One airline's bad news is another airline's good news.  America West is now predicting a boost of about $30 million to its bottom line as a result of National Airlines' closing last week.

I've commented before about the glacial speed with which NTSB safety recommendations are implemented.  Here's the most recent example.  In 1994 the NTSB pointed out a limitation in the way that airplane black boxes record data.  The FAA indicated in 1997 that it would respond.  The NTSB's recommendation finally became an 'Acceptable Action' in 2000, but was not implemented in time for the flight data recorder on AA 587 to be upgraded prior to when it crashed a year ago.  This means that it is proving difficult to accurately determine exactly what happened in the fateful seconds prior to the plane losing control and crashing.

As you may know if you've read my series on noise reducing headsets, I'm a great fan of the Bose unit.  Sadly they are quite expensive, but Bose have a special promotion on their website at present that gives you a free companion certificate on a future flight when you buy their headphones.  Might make an excellent Christmas gift for someone.  Thanks to reader David for pointing this out.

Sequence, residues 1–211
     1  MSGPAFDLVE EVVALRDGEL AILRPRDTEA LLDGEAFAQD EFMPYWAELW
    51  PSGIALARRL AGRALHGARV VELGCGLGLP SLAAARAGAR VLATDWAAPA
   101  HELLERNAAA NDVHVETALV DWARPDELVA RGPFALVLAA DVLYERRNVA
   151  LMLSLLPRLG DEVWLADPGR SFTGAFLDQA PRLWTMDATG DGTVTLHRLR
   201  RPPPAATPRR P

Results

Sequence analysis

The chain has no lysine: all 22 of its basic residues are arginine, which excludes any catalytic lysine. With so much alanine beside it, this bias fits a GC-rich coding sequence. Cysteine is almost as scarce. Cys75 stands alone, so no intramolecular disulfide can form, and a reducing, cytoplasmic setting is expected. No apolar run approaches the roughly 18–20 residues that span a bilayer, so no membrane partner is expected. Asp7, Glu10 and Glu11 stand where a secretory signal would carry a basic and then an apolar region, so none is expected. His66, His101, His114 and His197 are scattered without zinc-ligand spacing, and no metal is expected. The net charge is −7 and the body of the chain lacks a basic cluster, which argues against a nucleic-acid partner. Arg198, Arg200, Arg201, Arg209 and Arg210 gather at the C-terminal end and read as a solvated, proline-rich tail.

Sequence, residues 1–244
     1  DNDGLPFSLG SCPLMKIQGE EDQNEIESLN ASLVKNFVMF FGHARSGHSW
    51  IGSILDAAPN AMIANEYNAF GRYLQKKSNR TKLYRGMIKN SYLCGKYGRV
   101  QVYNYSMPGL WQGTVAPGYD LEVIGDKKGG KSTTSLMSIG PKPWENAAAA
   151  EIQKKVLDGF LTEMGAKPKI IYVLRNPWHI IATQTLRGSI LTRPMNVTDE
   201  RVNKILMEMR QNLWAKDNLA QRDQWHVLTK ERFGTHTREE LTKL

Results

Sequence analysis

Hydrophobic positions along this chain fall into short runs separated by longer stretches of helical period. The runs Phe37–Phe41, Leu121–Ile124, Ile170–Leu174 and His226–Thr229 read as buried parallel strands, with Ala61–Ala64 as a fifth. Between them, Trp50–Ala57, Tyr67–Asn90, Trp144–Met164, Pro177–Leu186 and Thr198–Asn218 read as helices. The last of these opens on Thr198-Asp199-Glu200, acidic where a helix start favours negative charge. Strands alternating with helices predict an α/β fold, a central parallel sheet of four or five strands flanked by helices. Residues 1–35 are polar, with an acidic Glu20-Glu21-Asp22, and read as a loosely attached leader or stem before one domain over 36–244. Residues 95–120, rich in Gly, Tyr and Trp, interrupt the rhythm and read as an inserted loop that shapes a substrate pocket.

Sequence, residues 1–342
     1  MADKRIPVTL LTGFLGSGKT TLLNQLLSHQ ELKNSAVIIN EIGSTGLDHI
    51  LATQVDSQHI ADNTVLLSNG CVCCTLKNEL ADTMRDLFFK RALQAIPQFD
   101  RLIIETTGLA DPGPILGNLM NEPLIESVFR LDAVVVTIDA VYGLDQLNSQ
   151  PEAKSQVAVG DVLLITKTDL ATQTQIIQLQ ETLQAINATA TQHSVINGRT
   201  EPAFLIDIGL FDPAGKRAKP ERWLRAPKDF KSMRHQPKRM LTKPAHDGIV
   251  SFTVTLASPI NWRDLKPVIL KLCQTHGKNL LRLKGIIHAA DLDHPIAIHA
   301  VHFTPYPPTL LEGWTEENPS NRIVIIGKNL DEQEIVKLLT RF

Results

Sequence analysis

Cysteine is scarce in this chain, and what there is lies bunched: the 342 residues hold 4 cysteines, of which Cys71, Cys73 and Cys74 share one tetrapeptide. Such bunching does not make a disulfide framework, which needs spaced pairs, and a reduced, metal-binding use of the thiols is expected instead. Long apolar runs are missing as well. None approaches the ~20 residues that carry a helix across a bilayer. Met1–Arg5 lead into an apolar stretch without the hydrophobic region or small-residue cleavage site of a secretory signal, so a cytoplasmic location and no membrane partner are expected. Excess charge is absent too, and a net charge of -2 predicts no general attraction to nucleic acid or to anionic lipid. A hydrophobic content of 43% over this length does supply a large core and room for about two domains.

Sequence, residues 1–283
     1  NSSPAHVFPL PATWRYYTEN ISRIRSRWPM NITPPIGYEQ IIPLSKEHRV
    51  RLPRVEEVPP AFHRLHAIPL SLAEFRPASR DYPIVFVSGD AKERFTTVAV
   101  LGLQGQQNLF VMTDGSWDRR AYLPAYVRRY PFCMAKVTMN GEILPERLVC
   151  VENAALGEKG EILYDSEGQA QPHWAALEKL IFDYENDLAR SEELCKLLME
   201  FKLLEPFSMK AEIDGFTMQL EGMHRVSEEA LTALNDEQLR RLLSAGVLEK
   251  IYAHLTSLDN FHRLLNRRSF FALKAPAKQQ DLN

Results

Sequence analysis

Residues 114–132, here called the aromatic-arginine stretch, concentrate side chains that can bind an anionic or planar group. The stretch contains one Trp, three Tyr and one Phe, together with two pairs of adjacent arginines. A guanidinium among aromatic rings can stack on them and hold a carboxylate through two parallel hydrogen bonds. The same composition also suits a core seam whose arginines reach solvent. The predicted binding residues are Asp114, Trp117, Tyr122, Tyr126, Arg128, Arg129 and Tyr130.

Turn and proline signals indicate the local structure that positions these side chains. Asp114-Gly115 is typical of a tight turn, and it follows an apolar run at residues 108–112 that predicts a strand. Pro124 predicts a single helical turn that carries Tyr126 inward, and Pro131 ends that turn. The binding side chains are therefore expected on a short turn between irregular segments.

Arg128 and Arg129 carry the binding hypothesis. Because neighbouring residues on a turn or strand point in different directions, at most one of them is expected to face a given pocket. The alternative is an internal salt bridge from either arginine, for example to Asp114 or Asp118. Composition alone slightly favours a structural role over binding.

Here's a new type of danger when booking online.  People had been going to a website and buying tickets for the Sydney Opera House, believing that they had arrived at the official Opera House website.  Although their credit cards were charged, apparently they never received tickets, and the website has no affiliation with the Sydney Opera House.  An Australian consumer watchdog organization has now secured an injunction against the New York based operator of this website, but consider yourself warned.  The man in New York apparently operates several other similar websites.

Do you subscribe to Johnny Jet's newsletter?  It is an interesting read, and he has built up an encyclopedic website full of travel resources.  In this week's newsletter he has a horror story about a booking he made on Travelocity.  I can understand how the problem occurred, but I absolutely do not understand why Travelocity has been so shamefully bad at solving the problem.

This Week's Security Horror Story :  Five concourses at Miami International Airport had to be evacuated on Thursday after a TSA security guard allegedly fell asleep on the job.  Two passengers apparently went through the security post while the guard was asleep, and so thousands of passengers were evacuated and 41 flights delayed.  Needless to say, no terrorists were detected in the rescreening procedure.